What the hell is Scaphism?
What the hell is Scaphism?
Scaphism (from Greek σκάϕη, meaning “boat”), also known as the boats, is an alleged ancient Persian method of execution. It entailed trapping the victim between two boats, feeding and covering them with milk and honey, and allowing them to fester and be devoured by insects and other vermin over time.
Who was killed by Scaphism?
According to Plutarch, one of the victims of Scaphism, a Persian soldier called Mithridates, suffered in his wooden prison for a total of 17 days. He was involved in the death of Cyrus the Younger (although he did not kill him) and paid a heavy price.
Why was scaphism used?
Scaphism was an ancient Persian torturing method that was used many centuries ago to punish people for the crime they commited. Scaphism was also referred to as “boats” when it was legal thousands of years ago.
Who practiced scaphism?
For sheer, delirious, nauseating horror, scaphism may be one of the worst execution methods ever devised. Practiced by the Ancient Persians, starting around 500 B.C., it saw the victim placed inside a hollowed-out log or narrow boat, their hands and feet tied to each end.
Why was Scaphism used?
What is blood Eagle punishment?
In this execution, people had their ribs ripped open from their spine and their lungs stabbed through. The intestines and ribs would also be pulled through while the victim was being tortured, making the internal parts of the body seem like wings. This is why it’s called the Blood Eagle.
How did the Spanish donkey work?
The Spanish Donkey, a feared torture device from the middle ages, consisted of a wedge on which the victim was seated with weights tied to his or her legs so that with enough weight, the wedge could even slice though the victim’s entire body.
Where was scaphism used?
Scaphism was not an execution method for entertainment. It took place in swamps where only torturers were present and in some cases, the people affected by the victim’s crime were also present.
What happens during a Blood Eagle?
The killing of Ælla, after a battle for control of York, is described thus: They caused the bloody eagle to be carved on the back of Ælla, and they cut away all of the ribs from the spine, and then they ripped out his lungs.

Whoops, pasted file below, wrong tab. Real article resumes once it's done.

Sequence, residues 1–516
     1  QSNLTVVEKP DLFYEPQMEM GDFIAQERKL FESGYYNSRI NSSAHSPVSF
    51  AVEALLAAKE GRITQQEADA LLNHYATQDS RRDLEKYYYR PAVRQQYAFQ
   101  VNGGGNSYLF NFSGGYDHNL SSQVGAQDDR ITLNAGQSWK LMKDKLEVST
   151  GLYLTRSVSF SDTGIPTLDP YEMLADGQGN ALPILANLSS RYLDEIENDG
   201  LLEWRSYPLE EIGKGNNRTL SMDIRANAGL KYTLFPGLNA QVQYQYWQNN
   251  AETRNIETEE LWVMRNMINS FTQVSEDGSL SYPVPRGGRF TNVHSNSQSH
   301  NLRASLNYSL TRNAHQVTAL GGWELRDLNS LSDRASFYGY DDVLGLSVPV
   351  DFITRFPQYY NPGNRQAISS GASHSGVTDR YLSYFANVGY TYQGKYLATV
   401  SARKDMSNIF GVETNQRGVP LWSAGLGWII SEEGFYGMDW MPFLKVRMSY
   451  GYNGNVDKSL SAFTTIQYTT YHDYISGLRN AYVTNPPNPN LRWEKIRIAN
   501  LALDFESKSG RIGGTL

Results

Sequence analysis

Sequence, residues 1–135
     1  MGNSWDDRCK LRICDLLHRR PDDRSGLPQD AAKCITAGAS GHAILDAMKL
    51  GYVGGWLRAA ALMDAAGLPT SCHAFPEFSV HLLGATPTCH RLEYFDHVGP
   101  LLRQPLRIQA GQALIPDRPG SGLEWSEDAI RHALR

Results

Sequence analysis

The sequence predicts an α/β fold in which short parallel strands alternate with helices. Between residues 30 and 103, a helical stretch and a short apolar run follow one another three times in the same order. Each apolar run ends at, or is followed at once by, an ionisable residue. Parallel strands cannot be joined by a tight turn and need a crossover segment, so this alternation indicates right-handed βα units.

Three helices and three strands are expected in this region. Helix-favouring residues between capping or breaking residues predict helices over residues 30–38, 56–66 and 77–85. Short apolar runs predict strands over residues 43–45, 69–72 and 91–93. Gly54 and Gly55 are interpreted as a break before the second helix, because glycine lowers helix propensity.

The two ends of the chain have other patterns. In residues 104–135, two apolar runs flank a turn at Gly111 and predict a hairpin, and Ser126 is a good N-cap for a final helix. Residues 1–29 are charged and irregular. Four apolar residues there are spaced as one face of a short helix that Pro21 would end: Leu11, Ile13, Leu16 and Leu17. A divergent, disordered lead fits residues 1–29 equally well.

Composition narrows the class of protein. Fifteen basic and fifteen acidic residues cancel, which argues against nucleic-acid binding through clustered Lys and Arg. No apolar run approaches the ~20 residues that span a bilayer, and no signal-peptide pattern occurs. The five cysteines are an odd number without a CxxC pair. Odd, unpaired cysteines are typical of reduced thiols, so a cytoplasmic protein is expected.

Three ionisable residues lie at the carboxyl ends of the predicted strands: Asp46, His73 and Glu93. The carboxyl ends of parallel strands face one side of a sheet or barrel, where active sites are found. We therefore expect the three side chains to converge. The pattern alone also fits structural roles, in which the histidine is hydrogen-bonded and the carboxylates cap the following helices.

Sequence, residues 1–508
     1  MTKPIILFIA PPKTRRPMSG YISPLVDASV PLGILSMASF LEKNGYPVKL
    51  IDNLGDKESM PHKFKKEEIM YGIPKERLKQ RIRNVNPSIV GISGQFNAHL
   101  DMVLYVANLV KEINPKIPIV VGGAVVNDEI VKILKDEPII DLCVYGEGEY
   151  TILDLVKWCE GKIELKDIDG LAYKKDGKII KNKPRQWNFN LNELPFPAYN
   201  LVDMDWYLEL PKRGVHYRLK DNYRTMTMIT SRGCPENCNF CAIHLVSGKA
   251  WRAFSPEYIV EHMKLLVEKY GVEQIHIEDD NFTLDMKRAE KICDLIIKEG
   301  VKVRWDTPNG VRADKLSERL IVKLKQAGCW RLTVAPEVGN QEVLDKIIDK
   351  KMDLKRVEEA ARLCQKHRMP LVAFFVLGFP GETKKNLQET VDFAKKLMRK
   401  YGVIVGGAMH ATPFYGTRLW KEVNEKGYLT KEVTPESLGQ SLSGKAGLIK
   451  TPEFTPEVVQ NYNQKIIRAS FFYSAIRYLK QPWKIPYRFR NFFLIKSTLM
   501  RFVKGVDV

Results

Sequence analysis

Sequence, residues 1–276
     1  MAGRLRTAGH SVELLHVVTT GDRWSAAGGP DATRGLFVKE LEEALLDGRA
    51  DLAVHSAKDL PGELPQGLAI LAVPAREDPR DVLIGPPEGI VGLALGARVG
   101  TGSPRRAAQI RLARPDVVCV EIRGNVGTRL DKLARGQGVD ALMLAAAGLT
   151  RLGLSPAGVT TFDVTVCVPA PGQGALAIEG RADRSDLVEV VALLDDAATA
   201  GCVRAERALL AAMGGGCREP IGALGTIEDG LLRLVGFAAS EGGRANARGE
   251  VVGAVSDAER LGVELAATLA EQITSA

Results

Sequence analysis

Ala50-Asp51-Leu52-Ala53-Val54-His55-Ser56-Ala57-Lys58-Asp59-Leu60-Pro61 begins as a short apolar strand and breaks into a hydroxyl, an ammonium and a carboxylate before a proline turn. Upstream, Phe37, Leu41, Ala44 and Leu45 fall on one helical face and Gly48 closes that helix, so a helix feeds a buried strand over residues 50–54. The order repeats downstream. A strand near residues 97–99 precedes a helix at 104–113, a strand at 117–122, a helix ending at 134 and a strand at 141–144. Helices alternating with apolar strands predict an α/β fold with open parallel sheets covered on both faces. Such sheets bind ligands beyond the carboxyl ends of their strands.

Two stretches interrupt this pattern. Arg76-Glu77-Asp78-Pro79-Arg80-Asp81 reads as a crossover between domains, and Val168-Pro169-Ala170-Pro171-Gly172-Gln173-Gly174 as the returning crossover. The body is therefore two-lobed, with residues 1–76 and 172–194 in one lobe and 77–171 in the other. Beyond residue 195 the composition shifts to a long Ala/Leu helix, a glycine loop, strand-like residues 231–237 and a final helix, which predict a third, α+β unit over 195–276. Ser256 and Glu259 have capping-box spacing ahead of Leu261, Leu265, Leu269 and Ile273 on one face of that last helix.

What punishments did the Vikings use?
There were usually two types of punishment: outlawing and fines. The most common means of justice were, however, fines; the amount varied, depending on the severity of the offense.
Was the Spanish donkey actually used?
During the Spanish Inquisition, the Spanish donkey or wooden horse was a torture device used primarily on women. As the additional weight gets heavier, the device would slowly cut the woman in half through her genitals. A similar device was used on Confederate prisoners during the American Civil War.
How did the breaking wheel work?
The wheel was made to revolve slowly, and a large hammer or an iron bar was then applied to the limb over the gap between the beams, breaking the bones. This process was repeated several times per limb.
Where did the term scaphism get its name?
Scaphism, also known as the boats, is an ancient Persian method of execution designed to inflict torturous death. The name comes from the Greek word skaphe, meaning ” scooped out “.
How are the victims of scaphism covered up?
Two boats are taken, which are so made as to fit over one another closely; in one of these the victim is laid, flat upon his back; then the other is laid over the first and carefully adjusted, so that the victim’s head, hands, and feet are left projecting, while the rest of his body is completely covered up.
What was the cause of death in scaphism?
Death, when it eventually occurred, would probably be due to a combination of dehydration, starvation and septic shock. In other recorded versions, the insects did not eat the victim; biting and stinging insects such as wasps, which were attracted by honey on the body, acted as the torture.
Why was Mithridates sentenced to death by scaphism?
Death by scaphism is painful, humiliating, and protracted. Historical records suggest that Mithridates, sentenced to die in this manner for a perceived insult to the king, survived for 17 days before expiring. Ancient Persians often used scaphism as a means of torture to those who insulted Royalty .